Gauss' proved that you can subdivide a circle into n
parts using a ruler (an unmarked straightedge) and a compass
(which draws circles) if and only if n is a power of
two times a product of distinct Fermat primes. Later Pierpont
[Pierpont1895] showed that
you can divide a circle into
n parts using origami (paper folding)
if and only if n is a product of a power of two times a power
of three times a distinct product of primes of the form
2n3m+1. These primes
are now called Pierpont primes.
Simple heuristics suggest that there should be finitely many Fermat primes, but infinitely many
Pierpont primes. In the following table we give a count of the numbers smaller Pierpont primes.
Circles can be
divided into the same numbers of parts using a
straight edge, compass
and an "angle trisector."
See Also: FermatNumber
Related pages (outside of this work)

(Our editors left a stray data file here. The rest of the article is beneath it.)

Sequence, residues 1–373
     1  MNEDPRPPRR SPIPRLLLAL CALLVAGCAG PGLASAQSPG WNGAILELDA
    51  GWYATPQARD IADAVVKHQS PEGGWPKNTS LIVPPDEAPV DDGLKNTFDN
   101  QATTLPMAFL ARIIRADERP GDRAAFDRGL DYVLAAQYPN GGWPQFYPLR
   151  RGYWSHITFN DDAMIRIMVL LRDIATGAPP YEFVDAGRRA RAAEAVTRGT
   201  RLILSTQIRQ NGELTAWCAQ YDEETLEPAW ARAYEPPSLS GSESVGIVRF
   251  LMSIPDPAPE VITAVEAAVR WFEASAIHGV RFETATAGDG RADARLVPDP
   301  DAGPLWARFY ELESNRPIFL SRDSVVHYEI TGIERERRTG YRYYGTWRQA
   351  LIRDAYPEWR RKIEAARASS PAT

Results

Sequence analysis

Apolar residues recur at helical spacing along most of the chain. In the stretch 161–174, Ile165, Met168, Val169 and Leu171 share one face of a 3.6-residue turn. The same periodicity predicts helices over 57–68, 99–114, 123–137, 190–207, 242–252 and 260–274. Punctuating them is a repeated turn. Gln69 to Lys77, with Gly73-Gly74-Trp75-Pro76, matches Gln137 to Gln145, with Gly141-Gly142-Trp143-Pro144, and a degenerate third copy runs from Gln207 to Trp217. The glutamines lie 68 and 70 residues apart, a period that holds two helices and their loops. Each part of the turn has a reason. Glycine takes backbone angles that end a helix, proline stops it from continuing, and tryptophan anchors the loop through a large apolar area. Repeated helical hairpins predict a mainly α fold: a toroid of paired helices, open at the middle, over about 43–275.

- D. A. Cox and J. Shurman, "Geometry and number theory on clovers," Amer. Math. Monthly, 112:8 (2005) 682--704. MR2167769
- A. M. Gleason, "Angle trisection, the heptagon, and the triskaidecagon," Amer. Math. Monthly, 95:3 (1988) 185--194. MR935432
- R. K. Guy, Unsolved problems in number theory, Springer-Verlag, New York, NY, 1994. ISBN 0-387-94289-0. MR 96e:11002 [An excellent resource! Guy briefly describes many open questions, then provides numerous references. See his newer editions of this text.]
- G. E. Martin, Geometric constructions, Undergraduate Texts in Mathematics Springer-Verlag, New York, 1998. pp. xii+203, ISBN 0-387-98276-0. MR1483895
- J. Pierpont, "On an undemonstrated theorem of the Disquisitiones Aritmeticae," American Mathematical Society Bulletin,:2 (1895-1896) 77 - 83.